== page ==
SUNRISE National TV - Wildlife vs GoPro - WATCH [11th Feb 13]
This morning I was live in-studio talking to Mel from the aussie-wide breakfast TV program SUNRISE about the awesome footage I got on my GoPro camera in Kenya last month, where I stuck the camera onto a remote controlled car and drove it out in front of some lions and other animals to see what they'd do!
TV INTERVIEW & FULL SET OF GOPRO WILDLIFE VIDEOS ARE BELOW!
In the meantime, just in case some people get the wrong idea here, I wanted to reassure anyone who may be concerned that this was irresponsible, possibly endangering the animal if it swallowed the camera (or bits of it), or environmental vandalism leaving bits of plastic around, or harassment of the animals etc. I thought I best pre-address such concerns now, so it doesn't spoil your enjoyment of the footage =)
Being an environmentalist myself, I certainly gave the above points a good deal of thought before I did is, and the reality is that I honestly believe I did this responsibly. Not only did I not want to loose the camera and footage, but more importantly I did not want to hurt the animal, or the amazing environment in which we travel to see them in:
Firstly, I bought an off-road filming permit that enabled us to go off road and not only get the camera once it'd finished being played with if it got taken away into the bush, but also allowed us to make sure we picked up any little piece of equipment/pastic if something was bitten/broken off it. We took quite a risky effort to ensure this, including getting out of the car and nervously walking around scrounging the ground to check, despite being in scrubland where we had just watched 3 lions vanish. We left nothing behind.
I too was wondering if the animals might try to actually 'eat/swallow' or ingest bits of the camera (and thus if I should perhaps cover it in a bad taste or pepper or something to ensure they did not), but our 2 expert guides (who are the same experts that BBC Wildlife and IMAX 3D use by the way!) said the animals would not try to actually eat it, and they were 100% correct. They said the animals would simply be curious, but quickly realise it did not smell, taste or feel in their mouths as food should, and so it may become a bit of a play-toy at most, of which they would eventually tire and leave alone. So it was kinder not to cover it in a foul-tasting deterrent. All the animals like Elephants etc simply walked up to it, sniffed it, maybe gently nudged it or considered stepping on it, and then when their curiosity wore off they simply walked away - the lionesses were the only animals that actually mouthed the camera and as our driver guides predicted, they simply saw it as a curiosity and carried it around, and dropped it on the ground and licked it, pawed it, and teethed it to feel its texture without seriously trying to chew it to pieces. The animals were well aware it was not food, and as predicted showed zero inclination to try and swallow anything.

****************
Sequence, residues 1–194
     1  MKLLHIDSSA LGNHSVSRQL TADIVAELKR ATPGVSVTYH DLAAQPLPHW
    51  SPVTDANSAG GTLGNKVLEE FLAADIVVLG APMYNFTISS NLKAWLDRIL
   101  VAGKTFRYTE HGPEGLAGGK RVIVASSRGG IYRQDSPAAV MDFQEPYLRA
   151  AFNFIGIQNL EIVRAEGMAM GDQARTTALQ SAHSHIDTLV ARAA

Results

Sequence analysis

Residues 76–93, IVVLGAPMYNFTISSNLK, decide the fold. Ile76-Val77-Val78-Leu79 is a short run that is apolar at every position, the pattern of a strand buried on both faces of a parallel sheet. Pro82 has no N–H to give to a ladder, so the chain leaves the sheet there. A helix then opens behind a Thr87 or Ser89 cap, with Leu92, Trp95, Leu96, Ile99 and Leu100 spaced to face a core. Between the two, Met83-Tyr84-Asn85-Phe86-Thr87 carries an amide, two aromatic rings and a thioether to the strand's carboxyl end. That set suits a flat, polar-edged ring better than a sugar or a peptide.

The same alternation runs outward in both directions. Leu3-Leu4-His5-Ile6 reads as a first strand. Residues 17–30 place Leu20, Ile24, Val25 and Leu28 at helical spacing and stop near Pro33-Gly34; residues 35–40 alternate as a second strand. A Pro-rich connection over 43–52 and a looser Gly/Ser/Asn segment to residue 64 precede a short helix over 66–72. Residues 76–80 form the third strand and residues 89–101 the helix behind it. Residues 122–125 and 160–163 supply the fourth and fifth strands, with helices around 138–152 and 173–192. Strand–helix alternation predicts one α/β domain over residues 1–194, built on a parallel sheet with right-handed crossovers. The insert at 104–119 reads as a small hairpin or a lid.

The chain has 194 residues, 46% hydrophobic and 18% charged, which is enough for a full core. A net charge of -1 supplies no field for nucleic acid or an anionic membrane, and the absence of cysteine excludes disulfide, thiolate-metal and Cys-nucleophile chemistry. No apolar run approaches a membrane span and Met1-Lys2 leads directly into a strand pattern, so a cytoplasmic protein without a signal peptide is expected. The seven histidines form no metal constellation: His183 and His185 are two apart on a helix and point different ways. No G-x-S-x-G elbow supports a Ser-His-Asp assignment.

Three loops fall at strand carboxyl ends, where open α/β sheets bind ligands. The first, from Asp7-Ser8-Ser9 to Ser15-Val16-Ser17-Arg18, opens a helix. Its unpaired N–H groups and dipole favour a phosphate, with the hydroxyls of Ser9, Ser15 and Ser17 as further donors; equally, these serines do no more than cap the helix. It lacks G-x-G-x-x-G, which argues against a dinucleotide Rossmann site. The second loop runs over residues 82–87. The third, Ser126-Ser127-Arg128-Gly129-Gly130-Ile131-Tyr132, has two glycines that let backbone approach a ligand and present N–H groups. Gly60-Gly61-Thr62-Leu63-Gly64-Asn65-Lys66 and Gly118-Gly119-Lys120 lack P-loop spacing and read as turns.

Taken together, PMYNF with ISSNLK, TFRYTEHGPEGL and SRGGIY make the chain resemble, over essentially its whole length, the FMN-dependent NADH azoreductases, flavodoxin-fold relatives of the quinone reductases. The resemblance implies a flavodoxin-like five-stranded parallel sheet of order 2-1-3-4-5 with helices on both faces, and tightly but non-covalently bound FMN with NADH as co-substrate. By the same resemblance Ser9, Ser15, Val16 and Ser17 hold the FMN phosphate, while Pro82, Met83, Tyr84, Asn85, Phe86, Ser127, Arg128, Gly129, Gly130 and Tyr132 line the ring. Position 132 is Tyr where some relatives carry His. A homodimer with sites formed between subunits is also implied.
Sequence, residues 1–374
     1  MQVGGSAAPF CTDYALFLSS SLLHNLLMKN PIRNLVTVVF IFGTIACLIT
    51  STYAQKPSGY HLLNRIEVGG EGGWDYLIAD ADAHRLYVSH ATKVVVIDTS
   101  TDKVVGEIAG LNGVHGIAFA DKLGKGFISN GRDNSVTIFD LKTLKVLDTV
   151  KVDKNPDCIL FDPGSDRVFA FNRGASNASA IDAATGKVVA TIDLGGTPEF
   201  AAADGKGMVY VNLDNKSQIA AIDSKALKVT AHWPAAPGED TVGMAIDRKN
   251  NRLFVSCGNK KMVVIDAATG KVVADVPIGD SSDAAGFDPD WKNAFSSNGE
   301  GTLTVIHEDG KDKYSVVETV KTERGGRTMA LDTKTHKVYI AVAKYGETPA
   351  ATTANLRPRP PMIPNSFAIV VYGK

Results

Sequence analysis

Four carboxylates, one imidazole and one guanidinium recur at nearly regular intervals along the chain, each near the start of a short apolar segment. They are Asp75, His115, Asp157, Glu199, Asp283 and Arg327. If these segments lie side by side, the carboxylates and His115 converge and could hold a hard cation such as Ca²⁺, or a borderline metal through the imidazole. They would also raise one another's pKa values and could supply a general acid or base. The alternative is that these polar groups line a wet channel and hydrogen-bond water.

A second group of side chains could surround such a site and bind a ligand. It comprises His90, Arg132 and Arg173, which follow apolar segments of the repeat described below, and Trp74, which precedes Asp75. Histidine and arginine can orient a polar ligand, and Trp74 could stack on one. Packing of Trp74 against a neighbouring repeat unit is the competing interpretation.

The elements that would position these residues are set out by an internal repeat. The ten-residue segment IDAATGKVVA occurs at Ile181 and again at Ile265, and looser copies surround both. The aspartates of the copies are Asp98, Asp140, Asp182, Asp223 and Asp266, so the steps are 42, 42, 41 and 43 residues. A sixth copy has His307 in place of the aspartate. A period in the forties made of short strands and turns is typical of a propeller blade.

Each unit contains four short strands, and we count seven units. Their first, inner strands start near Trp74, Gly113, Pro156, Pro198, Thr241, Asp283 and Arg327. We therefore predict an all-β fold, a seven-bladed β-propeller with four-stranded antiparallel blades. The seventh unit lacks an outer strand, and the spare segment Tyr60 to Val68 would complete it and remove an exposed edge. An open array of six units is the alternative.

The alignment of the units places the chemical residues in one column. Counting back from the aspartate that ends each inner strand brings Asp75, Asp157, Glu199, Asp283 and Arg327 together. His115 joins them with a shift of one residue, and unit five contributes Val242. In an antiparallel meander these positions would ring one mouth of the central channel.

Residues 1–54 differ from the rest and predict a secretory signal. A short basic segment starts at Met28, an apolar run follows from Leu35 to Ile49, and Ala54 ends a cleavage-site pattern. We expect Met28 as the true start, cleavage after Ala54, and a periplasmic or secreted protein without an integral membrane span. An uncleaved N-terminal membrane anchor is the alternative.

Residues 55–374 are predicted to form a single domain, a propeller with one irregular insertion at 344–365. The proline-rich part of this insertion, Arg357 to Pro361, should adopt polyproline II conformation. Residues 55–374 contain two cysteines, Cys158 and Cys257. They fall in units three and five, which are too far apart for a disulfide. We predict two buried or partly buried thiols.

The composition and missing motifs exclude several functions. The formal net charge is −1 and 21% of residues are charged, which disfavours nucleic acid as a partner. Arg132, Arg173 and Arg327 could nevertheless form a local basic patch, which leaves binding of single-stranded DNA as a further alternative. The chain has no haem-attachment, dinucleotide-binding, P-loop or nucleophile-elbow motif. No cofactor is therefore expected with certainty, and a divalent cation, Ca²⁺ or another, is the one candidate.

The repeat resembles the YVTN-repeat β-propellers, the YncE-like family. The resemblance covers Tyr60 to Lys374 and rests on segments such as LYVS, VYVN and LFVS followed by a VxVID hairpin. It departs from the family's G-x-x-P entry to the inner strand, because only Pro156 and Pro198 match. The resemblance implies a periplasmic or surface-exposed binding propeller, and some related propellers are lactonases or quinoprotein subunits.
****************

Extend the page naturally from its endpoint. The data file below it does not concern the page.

And as for wondering if it could be considered as being 'cruel' or 'unethical' by simply putting a camera on the ground and engaging an animals innate curiosity to have it come over and take a look, I don't see this as a fair call. Far, far worse is done behind the scenes for many documentary films if you know what goes on (not that in my eyes this would justify my doing it). Also it is not like I was chasing animals around with this camera, harrasing them or anything like that. Most animals are innately cautious of anything they don't recognise, and so if I was to move the camera towards them while they were watching or heaven forbid chase them, I guarantee the animal would flee (and thus ruin the shot too), so we did nothing like this. Most of the time it was simply subtly placing the camera where we hoped the animal would come across it, or driving it into position before the animal arrived, and wait. Only for bold animals like a lion etc I'd sometimes move the camera back and forwards a bit etc to try and get the animals attention if it seemed like it was going to completely ignore it, or if when the lion did pick it up then I'd wriggle it to hopefully encourage the animal drop it. What with all the safari vehicles around, the in-park camps etc there is ample opportunity for lions etc to chew on man made things and swallow man-made objects if they wanted, but they do not, it doesn't in any way resemble their natural food - unlike say a sea bird out at sea where a coke-lid or something looks like a floating bit of food, or a plastic bag at sea that looks like a jelly-fish or random nets etc that entangle wildlife at sea, these are all genuine concerns for wildlife, but I honestly don't believe that this really correlates here at all.
I hope this brief explanation helps shed some light on what the situation really is out here - I admit that some of my marketing hype/wording of things like 'GoPro VS lion' etc does kinda make it sound like the lion was attacking it and trying to eat it, but rest assured that's only marketing hype to make people watch the videos =) If it was a case of me zipping the camera around harassing and chasing animals which then chewed it to pieces littering the ground with abandoned pieces of plastic and ingesting batteries etc, then yes, I'd hope you'd all be in uproar about it, but as I hope you can now see, what I did was nothing like this.
In closing, one of our safari clients on that trip actually worked for RSPCA, and she freely wrote in her support, unasked, in response to some well meaning facebook critique, writing that "Being on the safari with the GoPro there was in no way any cruelty to animals, all animals approached the GoPro on their own terms. In no way were the animals harassed. The guides are very experienced and know the animals behaviour and were 100 % correct in their predictions. There was no environmental vandalism as all parts were picked up after the lions had left the camera."